What's causing the ringing in my ears?

Written by: Top Doctors®
Edited by: Emily Lawrenson

“Whose mobile’s going off?”

“Did you hear the doorbell ring?”

“Who on earth in here is whistling?”

Hardly uncommon questions – it’s likely something like this has escaped your lips at some point over time. What happens, though, if we hear these noises frequently? Or even constantly?

Tinnitus is a medical condition which describes the sensation of hearing sounds from inside the body with an absence of any external sound. The sounds can present themselves in different ways – many imagine that tinnitus is simply a ringing in the ears, but there are other ways it can manifest, including:

  • Hissing
  • Whistling
  • Buzzing
  • Sizzling
  • Humming
  • Grinding
  • Whooshing

Many people try to find the source of the sound, without realising that it actually comes from within. Sounds can come and go, and be heard in different areas, such as the middle of the head, one ear or both, and it can be difficult to pinpoint where exactly you’re hearing the sound from.

What causes tinnitus?

The exact cause of tinnitus is still unknown, but it often happens along with some kind of loss in hearing. It is related to changes in the body of some sort – be they physical or mental. Tinnitus can be linked to inner ear damage, a build-up of wax in the ear, or an infection of the middle ear. As we age, we often experience loss in hearing, and some people develop tinnitus along with this. Occasionally, some people develop tinnitus which has no obvious connection to hearing, or the ear at all.

Who is affected by tinnitus?

Many people experience some form of tinnitus at some point in their lives, including children. However, the number of people who live with persistent tinnitus is much lower. It can affect people differently, and some find themselves not bothered by it at all, while for others, it can be incredibly problematic. Persistent tinnitus is estimated to affect about 10% of the population, but 1% report that tinnitus significantly affects their quality of life.

How can tinnitus be treated?

There is no ‘one size fits all’ treatment process for those who are affected by tinnitus. Usually patients first visit their GP, and then can be referred on to an ENT specialist.

Firstly, if there is an underlying cause (such as earwax, or abnormal bone growth in the ear), this is treated, which on many occasions can help to improve the tinnitus.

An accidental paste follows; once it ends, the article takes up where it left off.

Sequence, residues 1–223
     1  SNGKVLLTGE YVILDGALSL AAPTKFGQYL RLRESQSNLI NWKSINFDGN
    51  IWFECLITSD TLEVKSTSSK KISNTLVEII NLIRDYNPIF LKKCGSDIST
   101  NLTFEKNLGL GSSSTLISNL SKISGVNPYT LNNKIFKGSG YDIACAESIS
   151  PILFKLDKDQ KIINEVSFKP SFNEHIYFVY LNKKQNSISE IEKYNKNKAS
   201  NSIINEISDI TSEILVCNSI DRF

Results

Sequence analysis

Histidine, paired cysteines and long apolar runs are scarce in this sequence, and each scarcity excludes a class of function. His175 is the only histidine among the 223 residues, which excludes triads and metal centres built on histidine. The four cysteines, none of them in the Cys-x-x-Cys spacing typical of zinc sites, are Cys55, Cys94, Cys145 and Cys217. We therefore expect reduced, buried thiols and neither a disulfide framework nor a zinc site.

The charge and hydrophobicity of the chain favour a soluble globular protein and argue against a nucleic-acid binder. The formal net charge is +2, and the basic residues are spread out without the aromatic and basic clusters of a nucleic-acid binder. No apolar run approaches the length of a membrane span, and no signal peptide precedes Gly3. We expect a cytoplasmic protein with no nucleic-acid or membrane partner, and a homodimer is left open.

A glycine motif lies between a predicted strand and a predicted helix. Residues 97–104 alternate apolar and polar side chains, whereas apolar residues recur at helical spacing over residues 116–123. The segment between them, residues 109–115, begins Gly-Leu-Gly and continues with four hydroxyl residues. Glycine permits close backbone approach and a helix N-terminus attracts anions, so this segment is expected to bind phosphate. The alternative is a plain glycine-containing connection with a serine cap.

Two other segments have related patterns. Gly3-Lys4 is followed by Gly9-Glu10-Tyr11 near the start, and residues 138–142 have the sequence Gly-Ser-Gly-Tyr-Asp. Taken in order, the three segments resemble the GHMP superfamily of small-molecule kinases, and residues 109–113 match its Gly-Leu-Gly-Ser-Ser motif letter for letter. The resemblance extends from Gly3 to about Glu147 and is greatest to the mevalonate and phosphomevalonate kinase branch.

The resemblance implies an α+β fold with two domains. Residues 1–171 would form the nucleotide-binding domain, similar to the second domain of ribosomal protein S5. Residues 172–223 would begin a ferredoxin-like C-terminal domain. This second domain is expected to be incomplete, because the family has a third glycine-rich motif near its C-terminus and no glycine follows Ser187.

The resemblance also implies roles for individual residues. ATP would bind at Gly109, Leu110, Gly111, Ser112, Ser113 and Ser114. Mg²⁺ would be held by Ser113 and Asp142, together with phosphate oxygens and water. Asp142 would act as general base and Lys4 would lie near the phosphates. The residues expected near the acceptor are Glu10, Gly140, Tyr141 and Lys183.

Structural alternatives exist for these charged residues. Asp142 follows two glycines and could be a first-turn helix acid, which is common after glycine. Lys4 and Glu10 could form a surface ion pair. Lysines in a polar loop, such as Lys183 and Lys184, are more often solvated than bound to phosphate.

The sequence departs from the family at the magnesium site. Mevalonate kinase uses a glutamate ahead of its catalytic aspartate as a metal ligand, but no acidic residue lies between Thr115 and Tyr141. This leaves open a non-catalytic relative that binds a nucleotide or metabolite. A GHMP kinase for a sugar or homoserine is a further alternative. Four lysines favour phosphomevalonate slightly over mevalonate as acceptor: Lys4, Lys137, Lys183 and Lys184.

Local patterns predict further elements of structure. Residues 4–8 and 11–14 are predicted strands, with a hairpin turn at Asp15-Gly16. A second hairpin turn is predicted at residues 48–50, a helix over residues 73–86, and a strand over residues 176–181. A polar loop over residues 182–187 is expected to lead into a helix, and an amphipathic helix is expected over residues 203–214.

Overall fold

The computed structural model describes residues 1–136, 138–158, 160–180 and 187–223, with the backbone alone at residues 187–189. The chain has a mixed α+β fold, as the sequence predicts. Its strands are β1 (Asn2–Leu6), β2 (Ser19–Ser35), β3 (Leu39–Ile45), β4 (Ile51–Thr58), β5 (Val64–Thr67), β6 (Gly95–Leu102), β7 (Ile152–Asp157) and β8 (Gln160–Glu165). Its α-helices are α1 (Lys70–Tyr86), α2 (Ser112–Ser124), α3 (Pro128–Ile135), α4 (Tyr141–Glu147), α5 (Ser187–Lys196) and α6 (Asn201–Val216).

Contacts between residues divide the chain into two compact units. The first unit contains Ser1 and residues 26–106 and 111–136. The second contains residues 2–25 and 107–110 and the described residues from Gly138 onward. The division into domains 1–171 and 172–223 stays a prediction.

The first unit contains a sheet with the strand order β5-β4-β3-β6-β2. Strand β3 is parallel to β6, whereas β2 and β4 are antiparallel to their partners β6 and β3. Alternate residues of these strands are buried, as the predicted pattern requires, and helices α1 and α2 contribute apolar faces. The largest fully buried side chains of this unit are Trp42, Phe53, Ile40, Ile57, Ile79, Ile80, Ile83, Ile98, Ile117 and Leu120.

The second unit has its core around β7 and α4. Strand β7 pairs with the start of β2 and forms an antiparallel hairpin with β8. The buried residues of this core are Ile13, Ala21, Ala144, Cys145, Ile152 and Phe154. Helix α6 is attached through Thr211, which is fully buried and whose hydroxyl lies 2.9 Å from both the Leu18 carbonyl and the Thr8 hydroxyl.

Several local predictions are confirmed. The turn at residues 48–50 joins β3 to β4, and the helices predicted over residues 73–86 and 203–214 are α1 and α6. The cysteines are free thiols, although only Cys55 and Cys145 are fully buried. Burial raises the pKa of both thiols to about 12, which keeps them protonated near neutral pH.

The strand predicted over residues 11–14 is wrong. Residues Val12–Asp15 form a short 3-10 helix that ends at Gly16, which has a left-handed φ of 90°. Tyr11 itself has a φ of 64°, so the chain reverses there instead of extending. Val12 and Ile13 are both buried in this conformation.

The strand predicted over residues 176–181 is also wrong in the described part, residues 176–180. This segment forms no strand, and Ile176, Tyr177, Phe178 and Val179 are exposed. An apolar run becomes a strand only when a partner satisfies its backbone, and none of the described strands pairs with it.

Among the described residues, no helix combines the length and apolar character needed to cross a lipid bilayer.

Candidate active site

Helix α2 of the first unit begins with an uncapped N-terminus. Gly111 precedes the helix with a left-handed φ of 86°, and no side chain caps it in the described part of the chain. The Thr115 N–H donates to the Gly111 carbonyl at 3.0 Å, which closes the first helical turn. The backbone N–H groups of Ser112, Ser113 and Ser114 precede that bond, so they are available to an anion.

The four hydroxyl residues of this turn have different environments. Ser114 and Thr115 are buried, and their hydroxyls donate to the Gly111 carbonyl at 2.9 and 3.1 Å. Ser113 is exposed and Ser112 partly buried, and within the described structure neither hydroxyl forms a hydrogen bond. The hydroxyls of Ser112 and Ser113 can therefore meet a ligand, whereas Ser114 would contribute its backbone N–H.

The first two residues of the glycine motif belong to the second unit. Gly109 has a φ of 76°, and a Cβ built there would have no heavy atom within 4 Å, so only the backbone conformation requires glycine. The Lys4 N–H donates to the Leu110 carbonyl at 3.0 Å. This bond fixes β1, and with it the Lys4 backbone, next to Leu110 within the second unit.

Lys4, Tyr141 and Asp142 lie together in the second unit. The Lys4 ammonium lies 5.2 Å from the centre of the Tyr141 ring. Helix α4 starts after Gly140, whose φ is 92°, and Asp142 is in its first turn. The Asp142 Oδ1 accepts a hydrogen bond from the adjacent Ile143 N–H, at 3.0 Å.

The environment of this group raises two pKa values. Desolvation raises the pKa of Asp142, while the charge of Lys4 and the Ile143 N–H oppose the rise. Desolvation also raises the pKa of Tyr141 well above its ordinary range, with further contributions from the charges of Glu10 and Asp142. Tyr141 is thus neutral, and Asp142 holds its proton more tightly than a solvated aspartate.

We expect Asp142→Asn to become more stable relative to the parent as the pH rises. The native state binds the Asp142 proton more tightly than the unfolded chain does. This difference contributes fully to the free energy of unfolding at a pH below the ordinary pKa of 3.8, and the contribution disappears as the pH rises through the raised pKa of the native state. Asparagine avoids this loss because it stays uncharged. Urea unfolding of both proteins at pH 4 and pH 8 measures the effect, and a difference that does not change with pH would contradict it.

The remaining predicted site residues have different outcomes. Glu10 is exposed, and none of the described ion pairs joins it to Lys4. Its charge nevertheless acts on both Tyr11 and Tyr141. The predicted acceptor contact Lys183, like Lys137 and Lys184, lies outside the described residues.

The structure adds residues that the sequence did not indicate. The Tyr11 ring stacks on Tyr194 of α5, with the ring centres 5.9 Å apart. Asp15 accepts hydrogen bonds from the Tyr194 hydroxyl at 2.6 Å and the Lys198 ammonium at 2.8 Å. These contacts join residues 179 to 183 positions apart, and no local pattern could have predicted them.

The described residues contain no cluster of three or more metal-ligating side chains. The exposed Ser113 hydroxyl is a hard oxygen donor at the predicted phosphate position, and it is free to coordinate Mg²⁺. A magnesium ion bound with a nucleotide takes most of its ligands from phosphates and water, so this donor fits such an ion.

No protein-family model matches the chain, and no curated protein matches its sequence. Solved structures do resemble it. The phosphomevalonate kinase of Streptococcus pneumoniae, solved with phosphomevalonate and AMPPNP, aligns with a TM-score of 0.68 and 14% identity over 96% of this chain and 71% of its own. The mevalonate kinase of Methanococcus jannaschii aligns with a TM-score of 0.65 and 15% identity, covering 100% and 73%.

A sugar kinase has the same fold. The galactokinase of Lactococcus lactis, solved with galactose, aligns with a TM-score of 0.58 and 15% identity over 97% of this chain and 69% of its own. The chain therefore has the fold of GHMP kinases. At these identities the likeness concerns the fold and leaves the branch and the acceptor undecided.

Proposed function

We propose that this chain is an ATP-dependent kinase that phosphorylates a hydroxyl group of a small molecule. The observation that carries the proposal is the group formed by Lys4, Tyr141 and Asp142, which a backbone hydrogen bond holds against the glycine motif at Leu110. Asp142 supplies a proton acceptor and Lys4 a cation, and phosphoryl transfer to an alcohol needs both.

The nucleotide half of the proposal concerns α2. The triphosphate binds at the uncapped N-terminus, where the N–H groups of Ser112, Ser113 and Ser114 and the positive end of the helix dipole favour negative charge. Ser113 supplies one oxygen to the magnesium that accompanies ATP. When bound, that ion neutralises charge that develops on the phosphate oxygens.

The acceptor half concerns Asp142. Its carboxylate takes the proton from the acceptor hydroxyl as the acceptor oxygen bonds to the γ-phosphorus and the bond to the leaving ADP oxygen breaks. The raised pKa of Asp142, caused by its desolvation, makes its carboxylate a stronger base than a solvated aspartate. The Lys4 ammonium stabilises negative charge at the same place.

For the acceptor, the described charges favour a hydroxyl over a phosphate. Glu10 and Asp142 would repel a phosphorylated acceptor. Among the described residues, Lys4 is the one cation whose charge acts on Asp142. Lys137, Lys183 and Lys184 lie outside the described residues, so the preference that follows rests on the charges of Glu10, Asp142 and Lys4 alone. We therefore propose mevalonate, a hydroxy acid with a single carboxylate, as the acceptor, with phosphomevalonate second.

However, in those who do not have a specific underlying cause, there are different treatment paths to follow. Some treatments that are used include:

Tinnitus Retraining Therapy (TRT)

TRT is a special kind of therapy with the aim of retraining the brain, to deal with how it responds to tinnitus. This means that over time, you can start to ignore, or tune out the tinnitus, and your brain does not acknowledge it as it once did. It reduces the priority of tinnitus in the brain by using sounds played at a particular level, increasing ‘habituation’ to the tinnitus. This type of treatment is usually combined with others to increase efficacy.

Cognitive Behavioural Therapy (CBT)

CBT aims to retrain you in the way that you think about tinnitus, so it becomes less bothersome and less noticeable over time. The treatment changes how you view your tinnitus, so it is not viewed as problematic and something negative. This therapy manages your responses to tinnitus, and helps you find solutions that encourage you to view it in a less negative light.

Sound therapy

We notice our tinnitus more when our direct environment is quiet – so sometimes background noise can help to tune out the tinnitus, or make it less noticeable. This therapy uses natural sounds, or neutral sounds, to help you notice the tinnitus less.

Relaxation and self help

Sleep can sometimes be difficult for those who live with tinnitus, as it can be difficult to either fall asleep, or stay asleep. This is often due to worry, rather than the tinnitus itself. Being taught relaxation techniques can help solve this problem, and allow those with tinnitus to get to sleep more easily. Relaxation techniques can also help reduce stress, and allow you to notice your tinnitus less. Learning to relax can be incredibly beneficial for those who experience tinnitus.

Usually a combination of treatments and therapies is used as an approach to tinnitus, and many people find that in this way they can manage the condition effectively. 


By Topdoctors
Otolaryngology / ENT

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